Crispin Scrope, middle-aged bachelor, has inherited vast, decrepit
Mellingham Hall (not the same one as in Pearls, Girls and Monty Bodkin). He
runs it as a guest house and he hasn't enough money to pay the repair
bills. His butler is really a broker's man. His younger brother Willoughby
is a prosperous London solicitor, from whom Crispin has to borrow.
Willoughby passes on to Crispin some rich Americans as double-paying
guests: Homer Pyle, corporation lawyer and (slightly) a poet: Barney
Clayborne, Homer's sister, widow, a sort of Aunt Dahlia and, actually or
seemingly, a shoplifter/kleptomaniac.
Willoughby is trustee for young Jerry West, but refuses him his money if he
intends to marry gold-digging and imperious Vera Upshaw, daughter of Dame
Flora Faye, actress. Jerry, on jury-duty, falls in love with Jane
Hunnicutt, air-hostess, also on jury-duty. She hears from Willoughby
Crispin that she is inheriting one or two million dollars from someone she
was kind to in a plane. So Jerry can't now ask her to marry him - he has
scruples about seeming to be a fortune-hunter.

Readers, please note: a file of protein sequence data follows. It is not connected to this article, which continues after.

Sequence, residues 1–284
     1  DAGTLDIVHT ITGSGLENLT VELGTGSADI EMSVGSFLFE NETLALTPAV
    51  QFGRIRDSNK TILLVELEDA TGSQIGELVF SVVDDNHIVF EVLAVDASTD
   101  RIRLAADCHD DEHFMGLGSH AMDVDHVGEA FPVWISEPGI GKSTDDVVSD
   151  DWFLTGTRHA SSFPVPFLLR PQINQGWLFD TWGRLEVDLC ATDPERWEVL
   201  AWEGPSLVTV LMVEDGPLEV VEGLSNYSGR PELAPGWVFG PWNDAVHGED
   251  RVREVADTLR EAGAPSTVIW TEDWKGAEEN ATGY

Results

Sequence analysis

Willoughby has just bought a Gainsborough miniature. It disappears from his
office and the fingers of suspicion point to Barney. Several people, for
rewards, search her bedroom at the hall for the picture. Vera Upshaw,
thinking that Homer Pyle is going to propose to her (she is a writer),
ditches Jerry. Then she hears that Jerry has got his money and she tries to
switch back. But Jane's legacy doesn't materialize, so Jerry can marry
Jane. And rich Barney will marry Crispin Scrope and take over die
management of Mellingham Hall. Willoughby warns Homer against Vera Upshaw
and Vera remains single and discomfited while all the others rejoice in
happy endings. (The Gainsborough turns up, and it wasn't Barney who took
Plotting and narrative are rather lacklustre. But there's some excellent
dialogue, very crisp for an eighty-nine-year-old. And there is a good
situation moment when the broker's man/butler blackmails his master,
Crispin, JP, into agreeing to push the local cop into a stream while he is
dabbling his hot feet after the day's duty. In fact Crispin funks it, but
Barney does it for him.
One idea for making Barney disclose the Gainsborough, if she had it, was to
sound the fire alarm - the principle being that, in a fire, everybody grabs
the things most dear to him/her to escape with. Not new, but funny here.
Source: Richard Usborne. Plum Sauce. A P G Wodehouse Companion.